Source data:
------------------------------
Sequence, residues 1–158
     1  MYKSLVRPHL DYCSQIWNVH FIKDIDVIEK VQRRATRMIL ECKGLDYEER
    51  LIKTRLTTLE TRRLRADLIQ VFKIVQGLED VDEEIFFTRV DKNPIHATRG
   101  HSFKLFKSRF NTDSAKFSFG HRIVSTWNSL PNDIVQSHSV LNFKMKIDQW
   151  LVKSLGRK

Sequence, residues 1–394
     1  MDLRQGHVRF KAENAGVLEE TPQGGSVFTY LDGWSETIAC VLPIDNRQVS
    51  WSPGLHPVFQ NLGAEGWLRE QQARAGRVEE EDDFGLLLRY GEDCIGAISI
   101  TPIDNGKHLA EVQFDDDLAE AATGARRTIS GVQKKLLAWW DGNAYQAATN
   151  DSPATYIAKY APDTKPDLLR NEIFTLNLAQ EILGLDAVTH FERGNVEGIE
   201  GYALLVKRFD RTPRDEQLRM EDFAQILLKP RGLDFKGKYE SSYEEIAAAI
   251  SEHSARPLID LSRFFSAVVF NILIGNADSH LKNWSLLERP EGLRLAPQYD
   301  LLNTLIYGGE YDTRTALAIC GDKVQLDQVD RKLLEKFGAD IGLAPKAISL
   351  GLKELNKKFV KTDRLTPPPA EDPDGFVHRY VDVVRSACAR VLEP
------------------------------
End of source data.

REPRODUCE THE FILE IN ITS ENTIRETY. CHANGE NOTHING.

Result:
Sequence, residues 1–158
     1  MYKSLVRPHL DYCSQIWNVH FIKDIDVIEK VQRRATRMIL ECKGLDYEER
    51  LIKTRLTTLE TRRLRADLIQ VFKIVQGLED VDEEIFFTRV DKNPIHATRG
   101  HSFKLFKSRF NTDSAKFSFG HRIVSTWNSL PNDIVQSHSV LNFKMKIDQW
   151  LVKSLGRK

Sequence, residues 1–394
     1  MDLRQGHVRF KAENAGVLEE TPQGGSVFTY LDGWSETIAC VLPIDNRQVS
    51  WSPGLHPVFQ NLGAEGWLRE QQARAGRVEE EDDFGLLLRY GEDCIGAISI
   101  TPIDNGKHLA EVQFDDDLAE AATGARRTIS GVQKKLLAWW DGNAYQAATN
   151  DSPATYIAKY APDTKPDLLR NEIFTLNLAQ EILGLDAVTH FERGNVEGIE
   201  GYALLVKRFD RTPRDEQLRM EDFAQILLKP RGLDFKGKYE SSYEEIAAAI
   251  SEHSARPLID LSRFFSAVVF NILIGNADSH LKNWSLLERP EGLRLAPQYD
   301  LLNTLIYGGE YDTRTALAIC GDKVQLDQVD RKLLEKFGAD IGLAPKAISL
   351  GLKELNKKFV KTDRLTPPPA EDPDGFVHRY VDVVRSACAR VLEP